An explosion in a fashionable suburb of Manhattan has injured at least 29 people, the New York Fire Department says.
The New York Fire Department said the blast about 8.30pm was from an explosive device in the fashionable downtown Chelsea district of Manhattan.
The authorities have described the explosion as a deliberate, criminal act, while saying investigators had turned up no evidence of a "terror connection."
Fire Commissioner Daniel Nigro said the blast caused 29 injuries, and none of them were life threatening.
He said 24 of them had been taken to hospitals, including one he described as seriously injured. The rest suffered various cuts, scrapes and other minor injuries from shattered glass and other debris, Mr Nigro said.
New York Police Commissioner James O'Neill said officers who were on patrol and witnessed the explosion outside 131 West 23rd Street.
New York mayor Bill de Blasio and other city officials said investigators had ruled out a natural gas leak as the origin of the blast but they stopped short of calling it a bombing and declined to specify precisely what they believed may have triggered the explosion.
The police commissioner also said the explosion took place on the street, rather than inside a building.
However, CNN quoted police as saying a second device had been found near the site, which appeared to be a pressure cooker with wires attached which was connected to a cellphone.
Police said a sweep of the neighborhood following the blast had turned up a possible "secondary device" four blocks away.
CNN, citing law enforcement sources, reported that the device appeared to be a pressure cooker with wires attached to it and connected to what resembled a cell phone. A piece of paper with writing on it was found nearby, CNN reported.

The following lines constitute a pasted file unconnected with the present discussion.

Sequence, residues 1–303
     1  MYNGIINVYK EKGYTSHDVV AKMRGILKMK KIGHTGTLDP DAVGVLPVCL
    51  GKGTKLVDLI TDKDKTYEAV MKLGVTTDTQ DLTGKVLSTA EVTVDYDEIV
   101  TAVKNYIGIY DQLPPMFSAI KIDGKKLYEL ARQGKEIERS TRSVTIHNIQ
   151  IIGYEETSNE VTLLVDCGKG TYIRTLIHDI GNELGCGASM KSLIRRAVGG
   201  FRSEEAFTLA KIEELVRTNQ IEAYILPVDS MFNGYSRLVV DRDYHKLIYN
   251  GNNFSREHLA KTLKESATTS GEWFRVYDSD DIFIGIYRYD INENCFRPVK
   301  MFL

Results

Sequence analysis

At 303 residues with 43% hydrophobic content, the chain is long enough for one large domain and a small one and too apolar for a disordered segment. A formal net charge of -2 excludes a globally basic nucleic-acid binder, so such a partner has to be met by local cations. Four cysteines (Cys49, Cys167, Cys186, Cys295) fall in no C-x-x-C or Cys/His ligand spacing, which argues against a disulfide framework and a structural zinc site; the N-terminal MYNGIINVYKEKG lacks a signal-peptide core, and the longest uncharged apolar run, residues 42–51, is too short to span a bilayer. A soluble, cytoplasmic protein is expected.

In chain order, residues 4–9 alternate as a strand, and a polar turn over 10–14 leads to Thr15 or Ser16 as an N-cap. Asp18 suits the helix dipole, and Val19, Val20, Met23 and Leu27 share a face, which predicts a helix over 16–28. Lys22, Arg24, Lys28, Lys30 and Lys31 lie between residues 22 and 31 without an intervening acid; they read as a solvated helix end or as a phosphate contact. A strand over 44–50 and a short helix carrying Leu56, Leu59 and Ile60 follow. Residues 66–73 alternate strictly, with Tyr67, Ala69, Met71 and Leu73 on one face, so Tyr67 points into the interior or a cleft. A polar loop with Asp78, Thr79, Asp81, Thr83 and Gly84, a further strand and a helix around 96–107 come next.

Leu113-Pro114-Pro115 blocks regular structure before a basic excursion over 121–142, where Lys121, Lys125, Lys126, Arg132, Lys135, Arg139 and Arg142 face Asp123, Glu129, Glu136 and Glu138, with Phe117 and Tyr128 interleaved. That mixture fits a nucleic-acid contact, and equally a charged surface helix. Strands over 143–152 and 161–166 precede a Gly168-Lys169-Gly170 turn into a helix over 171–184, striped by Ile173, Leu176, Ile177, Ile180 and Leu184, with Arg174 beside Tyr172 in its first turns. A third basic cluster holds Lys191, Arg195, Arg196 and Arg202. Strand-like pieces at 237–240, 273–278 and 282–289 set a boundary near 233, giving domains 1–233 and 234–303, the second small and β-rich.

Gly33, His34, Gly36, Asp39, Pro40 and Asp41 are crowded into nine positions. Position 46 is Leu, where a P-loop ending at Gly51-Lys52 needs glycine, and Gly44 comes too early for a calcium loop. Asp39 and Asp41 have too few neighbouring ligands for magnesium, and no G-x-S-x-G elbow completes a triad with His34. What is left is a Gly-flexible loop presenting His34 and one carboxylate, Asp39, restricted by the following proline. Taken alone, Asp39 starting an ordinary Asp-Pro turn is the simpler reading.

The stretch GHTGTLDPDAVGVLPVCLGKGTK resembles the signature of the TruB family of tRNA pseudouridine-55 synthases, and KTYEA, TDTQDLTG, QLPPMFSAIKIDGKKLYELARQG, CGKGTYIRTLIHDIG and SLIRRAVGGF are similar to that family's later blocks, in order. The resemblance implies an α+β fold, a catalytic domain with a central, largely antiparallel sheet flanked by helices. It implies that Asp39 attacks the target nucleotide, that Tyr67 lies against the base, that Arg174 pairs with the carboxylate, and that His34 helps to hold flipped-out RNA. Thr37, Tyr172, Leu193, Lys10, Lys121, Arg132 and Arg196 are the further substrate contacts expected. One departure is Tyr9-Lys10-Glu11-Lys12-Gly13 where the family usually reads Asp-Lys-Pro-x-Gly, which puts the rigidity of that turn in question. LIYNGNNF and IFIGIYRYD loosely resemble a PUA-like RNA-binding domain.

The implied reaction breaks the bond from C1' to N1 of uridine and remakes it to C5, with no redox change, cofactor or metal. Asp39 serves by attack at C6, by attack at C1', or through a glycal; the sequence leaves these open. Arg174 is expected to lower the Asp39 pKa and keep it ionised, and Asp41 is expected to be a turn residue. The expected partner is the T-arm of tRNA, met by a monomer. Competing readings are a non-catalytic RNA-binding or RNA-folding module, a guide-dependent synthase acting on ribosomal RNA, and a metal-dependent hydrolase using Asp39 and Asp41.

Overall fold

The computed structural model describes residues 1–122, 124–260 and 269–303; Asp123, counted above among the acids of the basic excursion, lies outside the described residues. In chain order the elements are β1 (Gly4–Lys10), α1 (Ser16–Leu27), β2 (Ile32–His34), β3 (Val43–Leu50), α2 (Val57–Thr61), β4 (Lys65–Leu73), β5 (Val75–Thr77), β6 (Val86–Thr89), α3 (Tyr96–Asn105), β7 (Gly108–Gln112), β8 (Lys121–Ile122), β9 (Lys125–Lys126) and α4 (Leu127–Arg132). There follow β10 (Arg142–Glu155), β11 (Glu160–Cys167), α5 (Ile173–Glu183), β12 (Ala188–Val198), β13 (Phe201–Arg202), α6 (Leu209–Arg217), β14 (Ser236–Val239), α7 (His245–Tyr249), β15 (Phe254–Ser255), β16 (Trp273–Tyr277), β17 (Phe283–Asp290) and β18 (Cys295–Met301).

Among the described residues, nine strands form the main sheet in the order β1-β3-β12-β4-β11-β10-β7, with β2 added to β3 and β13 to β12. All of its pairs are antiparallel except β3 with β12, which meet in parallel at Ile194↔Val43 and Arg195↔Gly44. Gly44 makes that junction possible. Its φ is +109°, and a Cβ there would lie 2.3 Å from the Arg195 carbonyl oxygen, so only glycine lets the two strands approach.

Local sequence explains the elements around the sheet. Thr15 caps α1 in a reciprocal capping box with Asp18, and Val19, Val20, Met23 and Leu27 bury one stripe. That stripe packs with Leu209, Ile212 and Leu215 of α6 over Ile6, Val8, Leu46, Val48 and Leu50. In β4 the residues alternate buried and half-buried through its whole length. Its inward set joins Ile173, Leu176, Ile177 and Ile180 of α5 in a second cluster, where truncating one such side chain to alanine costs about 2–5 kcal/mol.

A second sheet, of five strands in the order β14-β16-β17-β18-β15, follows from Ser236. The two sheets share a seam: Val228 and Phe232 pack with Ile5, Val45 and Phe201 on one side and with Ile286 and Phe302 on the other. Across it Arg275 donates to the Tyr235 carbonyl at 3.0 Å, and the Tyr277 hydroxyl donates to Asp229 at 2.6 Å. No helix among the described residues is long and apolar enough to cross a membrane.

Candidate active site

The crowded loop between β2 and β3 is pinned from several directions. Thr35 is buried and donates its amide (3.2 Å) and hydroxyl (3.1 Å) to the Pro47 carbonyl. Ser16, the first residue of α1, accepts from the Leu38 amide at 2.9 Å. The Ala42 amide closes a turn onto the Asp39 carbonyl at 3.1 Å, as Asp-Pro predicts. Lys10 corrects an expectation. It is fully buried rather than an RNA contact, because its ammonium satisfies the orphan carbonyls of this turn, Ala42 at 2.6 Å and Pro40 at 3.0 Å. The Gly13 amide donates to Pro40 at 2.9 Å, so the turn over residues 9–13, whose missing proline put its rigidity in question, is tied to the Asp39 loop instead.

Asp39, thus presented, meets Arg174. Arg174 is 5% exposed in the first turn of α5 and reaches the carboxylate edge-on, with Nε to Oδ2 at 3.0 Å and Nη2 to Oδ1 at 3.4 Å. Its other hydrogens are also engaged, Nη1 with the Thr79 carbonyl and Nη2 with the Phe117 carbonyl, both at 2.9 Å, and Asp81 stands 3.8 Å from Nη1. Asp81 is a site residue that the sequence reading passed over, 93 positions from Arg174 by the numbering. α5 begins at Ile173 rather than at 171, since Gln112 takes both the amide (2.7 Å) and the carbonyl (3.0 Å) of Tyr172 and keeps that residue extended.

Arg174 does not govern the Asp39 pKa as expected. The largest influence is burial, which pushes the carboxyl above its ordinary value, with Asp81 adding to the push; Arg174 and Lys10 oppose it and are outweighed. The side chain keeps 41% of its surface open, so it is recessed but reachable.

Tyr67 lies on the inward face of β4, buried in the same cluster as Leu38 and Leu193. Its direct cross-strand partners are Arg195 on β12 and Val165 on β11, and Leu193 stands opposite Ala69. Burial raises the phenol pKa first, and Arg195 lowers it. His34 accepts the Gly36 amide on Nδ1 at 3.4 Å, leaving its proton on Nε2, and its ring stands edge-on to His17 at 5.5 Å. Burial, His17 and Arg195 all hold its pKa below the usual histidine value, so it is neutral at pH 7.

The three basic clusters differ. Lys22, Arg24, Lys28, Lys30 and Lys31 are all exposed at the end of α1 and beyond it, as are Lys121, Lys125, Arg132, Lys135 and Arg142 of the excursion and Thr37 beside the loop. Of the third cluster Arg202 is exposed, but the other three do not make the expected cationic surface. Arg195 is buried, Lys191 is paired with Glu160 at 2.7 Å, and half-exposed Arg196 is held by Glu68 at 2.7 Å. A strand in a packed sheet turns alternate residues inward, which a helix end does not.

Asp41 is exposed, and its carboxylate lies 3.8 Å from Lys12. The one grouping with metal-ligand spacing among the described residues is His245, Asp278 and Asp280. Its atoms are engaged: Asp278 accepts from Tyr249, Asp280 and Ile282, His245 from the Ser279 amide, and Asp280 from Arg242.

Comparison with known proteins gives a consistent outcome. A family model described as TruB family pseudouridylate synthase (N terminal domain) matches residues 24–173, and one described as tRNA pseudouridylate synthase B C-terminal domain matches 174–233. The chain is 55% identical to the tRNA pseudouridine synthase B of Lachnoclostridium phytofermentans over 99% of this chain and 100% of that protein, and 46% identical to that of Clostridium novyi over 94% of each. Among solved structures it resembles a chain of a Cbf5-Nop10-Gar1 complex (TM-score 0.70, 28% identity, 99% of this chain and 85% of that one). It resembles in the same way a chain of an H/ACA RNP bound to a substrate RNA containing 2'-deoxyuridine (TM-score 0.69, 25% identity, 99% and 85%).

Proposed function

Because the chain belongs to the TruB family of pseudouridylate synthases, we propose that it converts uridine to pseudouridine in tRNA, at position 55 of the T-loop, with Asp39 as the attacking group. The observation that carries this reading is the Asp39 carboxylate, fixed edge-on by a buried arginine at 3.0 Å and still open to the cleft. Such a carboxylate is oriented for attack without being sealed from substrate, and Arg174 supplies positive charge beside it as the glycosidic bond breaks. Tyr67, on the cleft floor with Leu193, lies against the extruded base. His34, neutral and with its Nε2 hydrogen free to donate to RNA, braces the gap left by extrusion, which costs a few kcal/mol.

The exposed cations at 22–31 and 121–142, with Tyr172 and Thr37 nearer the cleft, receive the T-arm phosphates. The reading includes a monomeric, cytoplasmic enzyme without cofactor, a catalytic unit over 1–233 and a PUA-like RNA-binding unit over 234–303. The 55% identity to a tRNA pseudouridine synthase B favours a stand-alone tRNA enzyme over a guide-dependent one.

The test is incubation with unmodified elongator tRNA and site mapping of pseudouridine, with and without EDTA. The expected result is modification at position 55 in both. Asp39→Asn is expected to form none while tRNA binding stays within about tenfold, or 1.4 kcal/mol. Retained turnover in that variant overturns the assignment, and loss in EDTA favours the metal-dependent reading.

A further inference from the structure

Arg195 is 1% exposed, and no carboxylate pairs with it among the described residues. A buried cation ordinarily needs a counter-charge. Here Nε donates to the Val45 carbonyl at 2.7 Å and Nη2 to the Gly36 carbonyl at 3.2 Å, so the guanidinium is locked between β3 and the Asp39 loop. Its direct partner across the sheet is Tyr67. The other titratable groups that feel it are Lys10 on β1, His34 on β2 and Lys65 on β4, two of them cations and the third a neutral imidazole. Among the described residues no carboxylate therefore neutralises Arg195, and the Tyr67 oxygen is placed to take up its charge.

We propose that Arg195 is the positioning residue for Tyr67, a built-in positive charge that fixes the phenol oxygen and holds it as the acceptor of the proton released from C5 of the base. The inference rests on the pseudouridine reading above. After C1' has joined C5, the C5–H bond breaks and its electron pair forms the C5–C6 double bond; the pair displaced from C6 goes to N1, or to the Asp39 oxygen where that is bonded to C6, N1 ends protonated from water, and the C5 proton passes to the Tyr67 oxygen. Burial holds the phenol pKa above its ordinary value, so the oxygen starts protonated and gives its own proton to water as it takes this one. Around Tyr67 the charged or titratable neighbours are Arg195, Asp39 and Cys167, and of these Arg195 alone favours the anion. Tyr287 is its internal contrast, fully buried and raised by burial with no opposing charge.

Pressure cookers packed with explosives and detonated with timing devices were used by two Massachusetts brothers in the 2013 Boston Marathon bombing that killed three people and wounded more than 260.
Police said the second device had been removed safely.
"Early indications are that this was an intentional act," Mr de Blasio said. He added that the site of the explosion, outside on a major thoroughfare in one of the most bustling areas of New York City, was being treated as a crime scene.
"There is no evidence at this point of a terror connection," the mayor said at a news conference about three hours after the blast.
"There is no specific and credible threat against New York City at this point in time from any terror organization," he added.
At least three people were seen being taken away from the scene of the blast in ambulances, but the severity of their injuries was not immediately clear. A car seen driving through the area had its rear window blown out.
The explosion, described by one neighbour as "deafening", happened outside the Associated Blind Housing facility at 135 W. 23rd Street. The facility provides housing, training and other services for the blind.
Hundreds of people were seen fleeing down the block on a cool early autumn evening, as police cordoned off the area.
"It was really loud, it hurt my eardrums. My 10-year-old boy was sat in the back seat of the car, and the explosion blew the back window out," said Tsi Tsi Mallett, who was driving along 23rd Street when the explosion took place. Her son was not injured.
Neha Jain, 24, who lives in the neighborhood, said she was sitting in her room watching a movie when she suddenly heard a huge boom and everything shook.
"Pictures on my wall fell, the window curtain came flying as if there was a big gush of wind. Then we could smell smoke. Went downstairs to see what happened and firemen immediately told us to go back."
No injuries from New Jersey marathon blast
Meanwhile, a pipe bomb has exploded in the neighbouring state of New Jersey, on the route of a road running race.
Mayor de Blasio said investigators did not believe there was any link to a pipe bomb that exploded earlier on Saturday in the New Jersey beach town of Seaside Park.
No injuries were reported in that blast, in a plastic trash can along the route of a charity foot race. Authorities said they believed it to be a deliberate act.
A law enforcement source said an initial investigation suggested the Chelsea explosion occurred in a dumpster but the cause was still undetermined. The head of the New York Police Department's special operations division said on Twitter that a "possible secondary device has been located" in the same general area.
The bomb had been placed in a rubbish bin along the route of the Semper Five 5km run.
The explosion forced the event to be cancelled but did not cause any injuries.
The participants would have been in the area but the race had been delayed because of an unattended bag.
State and federal law enforcement agencies were investigating.
- Reuters / BBC